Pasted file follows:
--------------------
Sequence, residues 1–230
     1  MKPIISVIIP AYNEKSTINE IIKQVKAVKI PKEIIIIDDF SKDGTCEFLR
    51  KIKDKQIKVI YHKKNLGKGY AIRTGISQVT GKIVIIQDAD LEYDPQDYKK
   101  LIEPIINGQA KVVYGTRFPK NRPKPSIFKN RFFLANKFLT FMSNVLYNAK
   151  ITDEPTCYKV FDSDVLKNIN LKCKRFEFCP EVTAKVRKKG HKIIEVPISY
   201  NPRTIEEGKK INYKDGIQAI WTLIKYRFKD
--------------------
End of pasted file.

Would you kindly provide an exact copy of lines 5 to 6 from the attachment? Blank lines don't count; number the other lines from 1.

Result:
   151  ITDEPTCYKV FDSDVLKNIN LKCKRFEFCP EVTAKVRKKG HKIIEVPISY
   201  NPRTIEEGKK INYKDGIQAI WTLIKYRFKD